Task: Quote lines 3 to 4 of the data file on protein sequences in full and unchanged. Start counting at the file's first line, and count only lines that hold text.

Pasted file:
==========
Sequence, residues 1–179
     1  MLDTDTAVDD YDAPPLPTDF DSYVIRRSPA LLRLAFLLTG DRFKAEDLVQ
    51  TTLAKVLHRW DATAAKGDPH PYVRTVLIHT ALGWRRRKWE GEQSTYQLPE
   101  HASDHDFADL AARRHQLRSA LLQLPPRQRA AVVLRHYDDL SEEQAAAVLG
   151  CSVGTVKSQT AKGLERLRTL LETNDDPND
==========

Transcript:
    51  TTLAKVLHRW DATAAKGDPH PYVRTVLIHT ALGWRRRKWE GEQSTYQLPE
   101  HASDHDFADL AARRHQLRSA LLQLPPRQRA AVVLRHYDDL SEEQAAAVLG